I've explained above what the Bible teaches about salvation by grace through faith. This is not what either the Roman Catholic church teaches, nor what the Lutheran bodies believe. But it IS what the Bible teaches. So is their new "Joint Agreement" a good thing? Sweeney rightly says, "To work for unity is to do the will of God," if we can believe that the "unity" is of those who truly love Jesus and seek to humbly serve Him.

"In signing the Joint Declaration, the Catholic Church (he means the Roman Catholic group whose signatures are on the document) now affirms (for the first time ever) that its condemnations at the Council of Trent of the Lutheran doctrine of justification are no longer valid — the Lutheran position is acceptable, and not a church-dividing doctrine."

But this can only be true if indeed Lutherans no longer believe in salvation by faith alone. For those who DO believe the Bible cannot agree that salvation is ever based on faith only. To believe and teach so is to deny that the Bible is inspired and is in fact the Word of God. For James spoke for God to point out that faith alone is dead — that our faith must lead to obedience to Jesus or we didn't REALLY love and trust Him to be our Savior and Lord. Those who teach that salvation is entirely up to God either do not understand what James wrote, or do not agree with it.

In claiming that faith is God's gift to the "elect," those who believe in salvation by faith only are saying that God selects those who will be saved and gives THEM the ability to believe the gospel. All others are lost. I don't really believe that Roman Catholics or any Bible student ought to agree with that theory. All who hear gospel facts are free to believe the gospel and be saved. God does not enable some TO believe while others are divinely prevented from believing.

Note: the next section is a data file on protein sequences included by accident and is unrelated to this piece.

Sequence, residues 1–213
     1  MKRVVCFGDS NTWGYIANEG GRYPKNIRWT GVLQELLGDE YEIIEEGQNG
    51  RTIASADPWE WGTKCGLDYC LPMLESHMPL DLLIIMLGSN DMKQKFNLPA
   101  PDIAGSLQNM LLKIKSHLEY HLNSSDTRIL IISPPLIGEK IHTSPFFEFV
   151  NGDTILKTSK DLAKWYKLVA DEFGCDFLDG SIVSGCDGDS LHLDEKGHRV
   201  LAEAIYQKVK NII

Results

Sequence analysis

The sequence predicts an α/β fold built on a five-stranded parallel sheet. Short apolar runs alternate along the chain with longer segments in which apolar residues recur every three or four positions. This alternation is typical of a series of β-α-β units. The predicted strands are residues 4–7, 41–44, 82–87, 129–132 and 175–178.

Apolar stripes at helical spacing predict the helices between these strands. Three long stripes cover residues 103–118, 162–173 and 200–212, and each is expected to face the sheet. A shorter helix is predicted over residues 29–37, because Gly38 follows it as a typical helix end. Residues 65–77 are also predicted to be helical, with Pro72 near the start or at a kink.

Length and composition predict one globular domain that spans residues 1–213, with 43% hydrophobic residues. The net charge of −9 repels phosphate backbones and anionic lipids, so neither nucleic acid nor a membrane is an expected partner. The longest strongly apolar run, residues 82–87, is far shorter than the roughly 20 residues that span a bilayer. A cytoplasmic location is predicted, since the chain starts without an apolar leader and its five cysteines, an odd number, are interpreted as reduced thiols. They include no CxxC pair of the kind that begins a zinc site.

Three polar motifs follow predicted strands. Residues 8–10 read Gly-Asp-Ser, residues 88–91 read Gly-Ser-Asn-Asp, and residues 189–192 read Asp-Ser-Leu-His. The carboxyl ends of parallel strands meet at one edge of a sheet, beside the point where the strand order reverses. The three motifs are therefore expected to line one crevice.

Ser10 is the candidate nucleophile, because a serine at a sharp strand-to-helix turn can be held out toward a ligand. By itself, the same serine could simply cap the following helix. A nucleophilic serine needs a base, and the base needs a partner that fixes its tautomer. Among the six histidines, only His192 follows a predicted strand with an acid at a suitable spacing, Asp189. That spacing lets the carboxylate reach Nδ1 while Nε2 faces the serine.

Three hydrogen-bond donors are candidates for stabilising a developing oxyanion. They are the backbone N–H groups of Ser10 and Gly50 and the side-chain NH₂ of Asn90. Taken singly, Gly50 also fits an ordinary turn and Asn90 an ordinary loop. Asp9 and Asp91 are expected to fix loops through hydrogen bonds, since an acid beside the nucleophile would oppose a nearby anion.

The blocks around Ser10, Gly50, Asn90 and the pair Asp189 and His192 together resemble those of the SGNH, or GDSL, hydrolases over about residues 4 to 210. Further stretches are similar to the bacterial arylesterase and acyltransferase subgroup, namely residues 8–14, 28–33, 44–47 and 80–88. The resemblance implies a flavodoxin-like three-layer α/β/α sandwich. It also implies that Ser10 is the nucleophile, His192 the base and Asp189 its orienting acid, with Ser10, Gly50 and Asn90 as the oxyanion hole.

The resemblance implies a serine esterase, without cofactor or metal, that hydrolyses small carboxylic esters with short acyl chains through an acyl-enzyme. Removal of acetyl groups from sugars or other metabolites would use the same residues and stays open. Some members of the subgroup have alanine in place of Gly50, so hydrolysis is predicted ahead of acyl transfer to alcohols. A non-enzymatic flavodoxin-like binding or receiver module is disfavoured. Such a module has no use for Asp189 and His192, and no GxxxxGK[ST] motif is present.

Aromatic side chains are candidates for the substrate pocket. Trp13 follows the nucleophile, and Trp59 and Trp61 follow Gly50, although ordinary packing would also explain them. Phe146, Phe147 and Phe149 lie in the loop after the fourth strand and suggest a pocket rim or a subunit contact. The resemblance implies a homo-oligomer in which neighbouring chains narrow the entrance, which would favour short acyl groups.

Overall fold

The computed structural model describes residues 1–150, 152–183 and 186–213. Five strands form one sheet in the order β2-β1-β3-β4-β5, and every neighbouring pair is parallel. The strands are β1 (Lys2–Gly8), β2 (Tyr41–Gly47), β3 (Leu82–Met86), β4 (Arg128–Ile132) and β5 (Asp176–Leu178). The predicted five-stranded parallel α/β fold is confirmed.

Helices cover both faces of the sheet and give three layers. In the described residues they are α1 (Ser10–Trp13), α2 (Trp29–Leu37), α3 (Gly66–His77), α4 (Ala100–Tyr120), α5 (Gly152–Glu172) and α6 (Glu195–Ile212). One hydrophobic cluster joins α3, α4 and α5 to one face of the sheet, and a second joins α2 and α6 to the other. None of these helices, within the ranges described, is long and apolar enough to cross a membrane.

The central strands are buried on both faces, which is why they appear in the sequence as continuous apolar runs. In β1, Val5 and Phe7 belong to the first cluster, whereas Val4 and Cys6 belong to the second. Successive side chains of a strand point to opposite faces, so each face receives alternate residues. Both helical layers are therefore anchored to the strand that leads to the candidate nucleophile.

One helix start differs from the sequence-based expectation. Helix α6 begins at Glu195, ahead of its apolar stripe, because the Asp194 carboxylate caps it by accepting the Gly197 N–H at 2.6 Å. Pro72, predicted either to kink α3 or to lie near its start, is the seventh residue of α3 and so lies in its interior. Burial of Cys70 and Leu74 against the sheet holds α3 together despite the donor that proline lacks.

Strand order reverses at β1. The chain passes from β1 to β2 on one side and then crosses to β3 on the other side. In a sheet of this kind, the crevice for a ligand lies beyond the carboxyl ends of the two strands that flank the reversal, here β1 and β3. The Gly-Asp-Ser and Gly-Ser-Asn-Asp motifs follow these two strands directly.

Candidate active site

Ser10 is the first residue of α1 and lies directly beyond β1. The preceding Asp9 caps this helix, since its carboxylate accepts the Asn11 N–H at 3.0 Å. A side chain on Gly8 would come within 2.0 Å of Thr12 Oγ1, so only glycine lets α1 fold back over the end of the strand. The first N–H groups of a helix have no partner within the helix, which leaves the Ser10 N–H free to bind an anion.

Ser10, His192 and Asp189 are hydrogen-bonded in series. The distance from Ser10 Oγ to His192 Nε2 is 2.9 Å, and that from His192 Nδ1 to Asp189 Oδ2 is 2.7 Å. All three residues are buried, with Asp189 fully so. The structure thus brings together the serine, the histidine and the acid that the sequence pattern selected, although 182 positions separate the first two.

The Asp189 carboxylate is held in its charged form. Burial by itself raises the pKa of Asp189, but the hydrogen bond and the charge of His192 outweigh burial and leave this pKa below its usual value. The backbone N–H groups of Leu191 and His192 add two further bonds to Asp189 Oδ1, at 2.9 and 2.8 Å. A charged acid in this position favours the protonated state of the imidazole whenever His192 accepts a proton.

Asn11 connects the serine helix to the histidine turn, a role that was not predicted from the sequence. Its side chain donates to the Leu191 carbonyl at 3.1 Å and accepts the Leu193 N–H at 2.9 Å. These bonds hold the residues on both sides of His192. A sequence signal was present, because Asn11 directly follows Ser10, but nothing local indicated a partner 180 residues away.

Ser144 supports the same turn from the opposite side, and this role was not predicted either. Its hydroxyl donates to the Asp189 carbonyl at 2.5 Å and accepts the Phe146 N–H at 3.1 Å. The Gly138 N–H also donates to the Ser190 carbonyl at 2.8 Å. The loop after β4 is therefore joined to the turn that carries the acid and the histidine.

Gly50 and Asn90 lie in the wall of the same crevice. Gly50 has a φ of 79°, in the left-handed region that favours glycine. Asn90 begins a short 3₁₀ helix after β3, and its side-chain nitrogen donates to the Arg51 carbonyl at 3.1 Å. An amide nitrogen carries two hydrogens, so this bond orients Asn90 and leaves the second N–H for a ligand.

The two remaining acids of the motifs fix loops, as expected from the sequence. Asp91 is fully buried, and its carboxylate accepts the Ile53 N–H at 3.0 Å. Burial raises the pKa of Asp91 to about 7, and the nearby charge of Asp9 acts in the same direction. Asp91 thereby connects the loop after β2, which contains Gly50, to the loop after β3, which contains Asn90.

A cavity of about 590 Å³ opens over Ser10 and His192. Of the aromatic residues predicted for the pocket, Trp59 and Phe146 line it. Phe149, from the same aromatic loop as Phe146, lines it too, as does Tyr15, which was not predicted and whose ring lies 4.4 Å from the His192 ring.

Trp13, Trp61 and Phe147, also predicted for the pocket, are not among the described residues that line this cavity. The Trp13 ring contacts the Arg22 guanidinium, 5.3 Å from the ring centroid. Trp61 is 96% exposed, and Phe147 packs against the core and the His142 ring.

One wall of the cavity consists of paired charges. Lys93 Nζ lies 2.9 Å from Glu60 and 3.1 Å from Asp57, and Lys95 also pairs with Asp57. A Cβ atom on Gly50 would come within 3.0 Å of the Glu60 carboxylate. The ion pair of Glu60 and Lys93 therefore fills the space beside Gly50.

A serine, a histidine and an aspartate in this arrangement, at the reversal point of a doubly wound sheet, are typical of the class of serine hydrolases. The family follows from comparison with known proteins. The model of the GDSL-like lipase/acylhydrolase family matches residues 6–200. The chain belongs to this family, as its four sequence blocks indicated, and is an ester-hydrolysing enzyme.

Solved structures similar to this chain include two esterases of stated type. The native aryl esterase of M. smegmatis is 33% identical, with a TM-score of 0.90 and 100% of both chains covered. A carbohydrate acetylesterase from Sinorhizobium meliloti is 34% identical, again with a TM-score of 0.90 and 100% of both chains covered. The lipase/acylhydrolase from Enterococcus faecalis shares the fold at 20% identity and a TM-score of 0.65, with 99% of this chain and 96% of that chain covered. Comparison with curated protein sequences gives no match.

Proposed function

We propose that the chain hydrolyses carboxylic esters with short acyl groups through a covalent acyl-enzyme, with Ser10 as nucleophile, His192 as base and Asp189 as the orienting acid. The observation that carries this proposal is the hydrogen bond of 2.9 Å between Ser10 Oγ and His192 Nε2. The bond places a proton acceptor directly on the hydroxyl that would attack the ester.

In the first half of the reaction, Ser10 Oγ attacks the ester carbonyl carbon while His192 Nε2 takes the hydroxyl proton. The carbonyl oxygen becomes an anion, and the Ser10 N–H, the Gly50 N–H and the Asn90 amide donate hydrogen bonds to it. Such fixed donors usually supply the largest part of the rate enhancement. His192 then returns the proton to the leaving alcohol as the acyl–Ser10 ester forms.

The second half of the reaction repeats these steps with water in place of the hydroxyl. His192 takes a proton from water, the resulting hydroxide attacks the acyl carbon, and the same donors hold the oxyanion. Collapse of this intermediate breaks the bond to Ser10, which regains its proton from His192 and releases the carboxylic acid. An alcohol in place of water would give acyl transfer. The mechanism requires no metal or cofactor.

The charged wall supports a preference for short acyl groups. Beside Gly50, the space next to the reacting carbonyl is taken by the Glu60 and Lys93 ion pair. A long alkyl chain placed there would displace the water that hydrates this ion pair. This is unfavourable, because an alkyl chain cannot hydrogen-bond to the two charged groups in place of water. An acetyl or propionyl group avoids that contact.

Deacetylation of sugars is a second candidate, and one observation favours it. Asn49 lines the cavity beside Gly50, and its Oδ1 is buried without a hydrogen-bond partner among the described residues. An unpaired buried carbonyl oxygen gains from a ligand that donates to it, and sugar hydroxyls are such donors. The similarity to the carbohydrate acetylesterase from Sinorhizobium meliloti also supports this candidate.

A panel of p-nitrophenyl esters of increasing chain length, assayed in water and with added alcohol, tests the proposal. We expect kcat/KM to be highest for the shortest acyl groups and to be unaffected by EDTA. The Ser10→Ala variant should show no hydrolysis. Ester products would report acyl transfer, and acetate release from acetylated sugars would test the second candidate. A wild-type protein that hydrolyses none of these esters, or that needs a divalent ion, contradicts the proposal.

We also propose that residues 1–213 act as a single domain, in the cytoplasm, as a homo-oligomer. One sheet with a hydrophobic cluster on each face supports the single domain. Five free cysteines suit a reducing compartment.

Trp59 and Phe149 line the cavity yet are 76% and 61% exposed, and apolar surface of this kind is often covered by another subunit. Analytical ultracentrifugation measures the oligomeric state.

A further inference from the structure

Those who believe are free to obey the gospel. Some do. Some do not. Of those who do, the new Christians are free to continue to follow Christ, or to go back into the world. Some do follow Christ, and produce "fruit" for Him, in varying degrees. Others fall away and are lost, and much worse off than if they had never heard and obeyed the gospel. But all men are FREE. None are divinely prevented from believing and obeying the gospel. Jesus really meant that WHOSOEVER will may come to Him for rest and life and joy and peace. And those who come to Christ are free to remain in Him and go to Heaven, if they remain full of faith. So have sinners earned salvation by turning to Jesus and letting Him save them? None of us believe that. The RC-Lutheran Joint Agreement reads — "Together we confess: By grace alone, in faith in Christ's saving work and not because of any merit on our part, we are accepted by God and receive the Holy Spirit, who renews our hearts while equipping and calling us to good works."

Surely those who love God and His Word will see that this is just a restatement of Ephesians 2:8-10 except for the addition of the word "alone" to grace. And surely also we realize that if we're saved by grace through faith then the grace is not alone, but is accompanied by the obedience which Paul says is OUR part in salvation. We who trust in Jesus are sure to OBEY Him. Adding the "alone" to grace signifies an admission that the signers realize that our obedience doesn't cause us to deserve God's mercy even though we are receiving it.

Sweeney points out — "Sounds great. But both parties would have affirmed this phraseology in the sixteenth century, while fiercely opposing the finer points of one another's doctrines of justification. The Roman Catholics in their Council at Trent never denied that justification comes by grace alone. Nor did they deny that it is based entirely on Christ's saving work, or even that God accepts us initially without regard to human merit. "HOWEVER, they did deny that we receive this grace by means of faith alone."